…or to be on the safe side try a mocktail
A cocktail connoisseur pities the lowly mocktail drinker. How can it be possible to enjoy the subtleties of the genre’s classics without the punch of alcohol?
But nowadays, non-drinkers have plenty of viable alternatives, with a growing range of unusual spirits and aperitifs that have similar features to alcohol.
It’s all down to English designer Ben Branson, who six years ago invented a zero-alcohol spirit called Seedlip, made from distillates of garden peas, hay and other aromatics.
Seedlip’s Garden spirit is hailed as a real alternative to the finest gin. It was followed by two more, Spice and Grove, and he has now collaborated with expert drinks creative Claire Warner — known in the industry as ‘The Mouth’ — to make a range of aperitifs based on distillations of oak, hence the name: Æcorn.
His timing couldn’t be better. Last year, UK sales of non-alcoholic spirits hit £37 million, with turnover set to double by 2024.
As Seedlip and Æcorn have been joined in this market by competitors such as Lyre’s and Pentire, there’s lots of choice. Here are four mocktails that won’t give you a sore head tomorrow.
Rose Prince claims non-drinkers have plenty of viable alternatives nowadays
The flavour of Seedlip Grove 42 is based on citrus, ideal for a version of the Cosmopolitan cocktail, typically made with lemon vodka, Cointreau, lime juice and cranberry juice.
Grove is distilled from three types of Mediterranean orange, plus ginger and lemongrass, and has an ultra-dry finish.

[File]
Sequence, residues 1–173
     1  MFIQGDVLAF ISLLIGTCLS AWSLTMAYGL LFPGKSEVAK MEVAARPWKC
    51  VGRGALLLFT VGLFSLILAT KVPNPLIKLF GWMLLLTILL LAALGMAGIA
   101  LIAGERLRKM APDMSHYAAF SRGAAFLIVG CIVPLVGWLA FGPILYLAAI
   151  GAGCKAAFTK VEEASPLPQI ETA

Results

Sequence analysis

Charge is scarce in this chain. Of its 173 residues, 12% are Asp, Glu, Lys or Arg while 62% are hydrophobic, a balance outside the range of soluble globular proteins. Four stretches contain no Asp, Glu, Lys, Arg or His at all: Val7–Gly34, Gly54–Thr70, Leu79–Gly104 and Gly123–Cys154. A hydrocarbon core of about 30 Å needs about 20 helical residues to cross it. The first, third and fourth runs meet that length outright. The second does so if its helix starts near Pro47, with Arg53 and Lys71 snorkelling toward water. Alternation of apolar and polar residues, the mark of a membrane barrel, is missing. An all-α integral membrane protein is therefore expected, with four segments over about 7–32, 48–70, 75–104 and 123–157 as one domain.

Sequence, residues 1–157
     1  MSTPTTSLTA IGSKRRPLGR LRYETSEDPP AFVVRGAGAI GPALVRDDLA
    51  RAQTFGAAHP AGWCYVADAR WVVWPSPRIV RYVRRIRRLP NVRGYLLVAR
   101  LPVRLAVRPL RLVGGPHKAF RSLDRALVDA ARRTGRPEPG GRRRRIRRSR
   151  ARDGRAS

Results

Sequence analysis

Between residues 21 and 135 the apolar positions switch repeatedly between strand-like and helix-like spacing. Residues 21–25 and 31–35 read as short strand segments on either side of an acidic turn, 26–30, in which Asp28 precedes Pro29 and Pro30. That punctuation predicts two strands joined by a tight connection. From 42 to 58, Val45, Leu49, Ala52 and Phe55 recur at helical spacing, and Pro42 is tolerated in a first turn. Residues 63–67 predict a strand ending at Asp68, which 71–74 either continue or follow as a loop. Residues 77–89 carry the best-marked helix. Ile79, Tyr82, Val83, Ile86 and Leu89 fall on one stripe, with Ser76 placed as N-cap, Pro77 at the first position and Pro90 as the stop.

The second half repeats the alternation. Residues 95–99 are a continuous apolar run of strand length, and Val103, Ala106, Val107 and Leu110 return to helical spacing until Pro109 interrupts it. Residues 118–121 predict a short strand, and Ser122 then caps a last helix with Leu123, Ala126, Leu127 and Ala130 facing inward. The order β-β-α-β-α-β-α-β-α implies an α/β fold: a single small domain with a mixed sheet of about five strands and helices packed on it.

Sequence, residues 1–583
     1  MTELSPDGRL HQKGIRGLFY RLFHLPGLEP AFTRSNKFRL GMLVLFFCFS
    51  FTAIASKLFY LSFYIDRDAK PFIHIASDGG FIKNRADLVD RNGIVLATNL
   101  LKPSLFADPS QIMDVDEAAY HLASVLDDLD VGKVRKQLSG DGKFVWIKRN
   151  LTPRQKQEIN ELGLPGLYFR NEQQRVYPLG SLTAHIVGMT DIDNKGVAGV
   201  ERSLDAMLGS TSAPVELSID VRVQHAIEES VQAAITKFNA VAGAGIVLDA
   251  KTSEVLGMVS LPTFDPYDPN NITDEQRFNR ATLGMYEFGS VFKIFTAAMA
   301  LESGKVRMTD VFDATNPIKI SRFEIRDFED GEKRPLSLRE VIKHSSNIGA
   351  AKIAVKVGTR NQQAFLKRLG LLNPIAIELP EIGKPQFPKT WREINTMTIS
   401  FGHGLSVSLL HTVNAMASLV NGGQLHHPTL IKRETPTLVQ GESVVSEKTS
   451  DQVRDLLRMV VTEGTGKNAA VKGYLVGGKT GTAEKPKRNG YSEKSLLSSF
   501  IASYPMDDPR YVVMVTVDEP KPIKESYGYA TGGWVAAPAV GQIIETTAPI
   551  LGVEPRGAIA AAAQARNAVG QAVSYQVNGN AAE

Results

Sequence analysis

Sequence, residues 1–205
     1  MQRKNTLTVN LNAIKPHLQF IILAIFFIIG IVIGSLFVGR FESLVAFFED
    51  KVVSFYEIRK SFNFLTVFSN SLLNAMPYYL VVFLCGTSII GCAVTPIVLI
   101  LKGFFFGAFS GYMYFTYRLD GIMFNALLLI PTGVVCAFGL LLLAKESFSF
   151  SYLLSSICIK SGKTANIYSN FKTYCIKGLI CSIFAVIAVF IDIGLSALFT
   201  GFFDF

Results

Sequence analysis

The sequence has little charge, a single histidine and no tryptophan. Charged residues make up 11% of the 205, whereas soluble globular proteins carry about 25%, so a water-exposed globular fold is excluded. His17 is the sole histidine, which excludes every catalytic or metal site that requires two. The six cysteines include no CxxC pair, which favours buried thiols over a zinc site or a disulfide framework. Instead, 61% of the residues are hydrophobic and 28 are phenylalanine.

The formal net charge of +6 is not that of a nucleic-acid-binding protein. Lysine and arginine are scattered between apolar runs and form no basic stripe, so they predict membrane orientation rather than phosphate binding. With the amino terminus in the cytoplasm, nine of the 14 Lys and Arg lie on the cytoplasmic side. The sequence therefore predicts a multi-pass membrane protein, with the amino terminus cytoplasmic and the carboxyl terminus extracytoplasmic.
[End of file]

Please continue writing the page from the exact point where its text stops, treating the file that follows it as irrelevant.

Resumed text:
This is pretty Cosmo, and tastes citrusy and refreshing, thanks to the addition of cranberry juice.
Garnish: Paring of orange zest.
- 50ml Seedlip Grove 42
- 25ml Æcorn Aromatic
- 25ml cranberry juice
- 10ml lemon juice
Combine the ingredients with ice in a cocktail shaker. Shake well, strain and serve without ice.
A gently spicy, sweetish version of the winter favourite which won’t give you the mulled wine ‘head-throb’. The dryness of Æcorn Aromatic comes from three English grapes, while smoked cherrywood, oak, clove and cassia bark add warmth. There’s also kola nut, a West African nut used in the original Coca-Cola.
Glass: Heat resistant.
Garnish: Star anise.
- 300ml Æcorn Aromatic
- 210ml apple juice
- 90ml cinnamon syrup
Place the ingredients in a pan, simmer (do not boil), then serve.
The real thing comes with the unsettling sensation of being wide-awake and tired at the same time. Instead, try this version using Seedlip Spice, which provides richness and a slight warm tingle, while the coffee concentrate contains the stimulant. The botanical extracts include allspice berries and cardamom, and two distillates derived from bark.
Garnish: Coffee beans.
- 50ml Seedlip Spice 94
- 50ml Sandows Cold Brew Concentrate (coffee)
- 15ml sugar syrup
MIX ingredients with ice in a cocktail shaker, strain and pour.
Smoky Old Fashioned
Feragaia is the first distilled non-alcoholic spirit to come out of Scotland. The botanicals are foraged by locals and include seaweed, bay, blackcurrant leaf, lemon verbena and chamomile.
The result is unique — neither a faux whisky nor a faux gin.
Garnish: Twist of orange peel.
- 50ml Feragaia spirit
- 15ml cold Lapsang Souchong tea
- 10ml ginger syrup
- 5ml fresh lime zest
Put a handful of ice cubes in the glass. Pour in the ingredients, then stir well until properly chilled.